Urban Design for Long-Term Development

By David Mayer-Foulkes.

Published by Spaces and Flows: An International Journal of Urban and ExtraUrban Studies

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Article: Print $US10.00
Article: Electronic $US5.00

A literature review of long-term urban economics points out the economic dimensions that urban design must address to serve as an instrument for long-term development. Conversely, two econometric analyses of the impact of urbanization on human development (using UNDP’s 1970-2005 database for 111 countries) supports the key role of urbanization for development. The first is a short-term analysis, an innovative, fully instrumented, clustered error growth regression using both levels and changes of independent variables to predict quinquennial changes in income, health, education and urbanization. The second is a long-term analysis, a fully instrumented quantile estimate of levels on levels of the same variables. Explanatory variables include indicators of trade, FDI, institutions and physical geography, regarded as fundamental causes of growth by some researchers. The results show that urbanization is a significant cause of growth with a smaller short-term but a larger long-term impact than trade, institutions and FDI flows. Urban planning and design can therefore have a high impact on long-term economic development.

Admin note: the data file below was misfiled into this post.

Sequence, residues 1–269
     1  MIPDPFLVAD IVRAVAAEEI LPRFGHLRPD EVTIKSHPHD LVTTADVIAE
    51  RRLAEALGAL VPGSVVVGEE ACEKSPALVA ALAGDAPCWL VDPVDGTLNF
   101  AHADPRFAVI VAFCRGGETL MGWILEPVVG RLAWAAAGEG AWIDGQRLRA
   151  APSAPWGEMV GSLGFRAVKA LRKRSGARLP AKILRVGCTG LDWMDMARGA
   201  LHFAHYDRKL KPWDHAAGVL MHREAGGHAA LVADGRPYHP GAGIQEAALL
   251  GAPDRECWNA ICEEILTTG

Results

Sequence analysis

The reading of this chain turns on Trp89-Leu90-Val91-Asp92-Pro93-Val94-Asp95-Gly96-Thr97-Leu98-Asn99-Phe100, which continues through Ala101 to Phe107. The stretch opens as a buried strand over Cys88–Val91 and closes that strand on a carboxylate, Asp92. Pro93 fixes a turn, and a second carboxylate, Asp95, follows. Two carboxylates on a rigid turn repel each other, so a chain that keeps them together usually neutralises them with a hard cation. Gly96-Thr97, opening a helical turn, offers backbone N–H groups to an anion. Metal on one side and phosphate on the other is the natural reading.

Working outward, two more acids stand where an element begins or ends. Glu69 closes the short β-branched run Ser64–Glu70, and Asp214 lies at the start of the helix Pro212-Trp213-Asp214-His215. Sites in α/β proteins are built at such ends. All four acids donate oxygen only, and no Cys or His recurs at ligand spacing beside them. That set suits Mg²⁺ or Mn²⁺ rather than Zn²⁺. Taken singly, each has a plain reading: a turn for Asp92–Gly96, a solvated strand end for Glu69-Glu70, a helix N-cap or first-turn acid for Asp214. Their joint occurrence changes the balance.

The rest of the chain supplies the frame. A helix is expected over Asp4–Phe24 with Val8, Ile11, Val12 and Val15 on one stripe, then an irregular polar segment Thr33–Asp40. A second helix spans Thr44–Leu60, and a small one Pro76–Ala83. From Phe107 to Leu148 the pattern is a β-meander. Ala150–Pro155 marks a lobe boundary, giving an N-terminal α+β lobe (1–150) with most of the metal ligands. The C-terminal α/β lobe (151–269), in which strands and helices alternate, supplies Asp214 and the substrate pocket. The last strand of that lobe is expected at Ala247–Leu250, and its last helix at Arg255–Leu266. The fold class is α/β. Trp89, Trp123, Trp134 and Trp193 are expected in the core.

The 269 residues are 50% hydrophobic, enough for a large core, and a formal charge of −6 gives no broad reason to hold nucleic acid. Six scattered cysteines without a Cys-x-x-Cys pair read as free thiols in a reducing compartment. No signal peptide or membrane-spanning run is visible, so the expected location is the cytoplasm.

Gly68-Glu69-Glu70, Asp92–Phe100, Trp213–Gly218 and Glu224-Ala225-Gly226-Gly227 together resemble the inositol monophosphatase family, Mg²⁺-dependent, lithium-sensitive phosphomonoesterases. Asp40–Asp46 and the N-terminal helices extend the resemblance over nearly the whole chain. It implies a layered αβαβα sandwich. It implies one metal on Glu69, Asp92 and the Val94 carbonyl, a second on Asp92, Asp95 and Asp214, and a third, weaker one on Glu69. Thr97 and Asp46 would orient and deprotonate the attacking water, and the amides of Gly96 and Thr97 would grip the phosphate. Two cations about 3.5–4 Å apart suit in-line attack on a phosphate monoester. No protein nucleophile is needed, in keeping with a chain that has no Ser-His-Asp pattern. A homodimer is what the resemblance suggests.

Keywords: Urban Planning, Economic Growth, Human Development, Long-term Urban Design, Fundamental Causes of Growth

Spaces and Flows: An International Journal of Urban and ExtraUrban Studies, Volume 1, Issue 4, pp.105-130. Article: Print (Spiral Bound). Article: Electronic (PDF File; 1.296MB).

David Mayer-Foulkes

Research Professor, División de Economía, CIDE, Mexico, DF, Mexico

A Mexican national, I earned my BA and PhD in Mathematics at Oxford and UC Berkeley. I have been a researcher in economics at CIDE in Mexico since 1991, and direct the journal Economia Mexicana. I have visited at the Kiel Institute for the World Economy, and the Economics Departments of Brown University and UCLA. I was member of the Mexican Commission on Macroeconomics and Health, and have conducted research for several international organizations such as PAHO and UNDP. My research interests include poverty traps in human development and technology. My multiple steady state models of endogenous technological change represent underdevelopment as a long-term, dynamic poverty trap. They also explain globalization and its current crisis.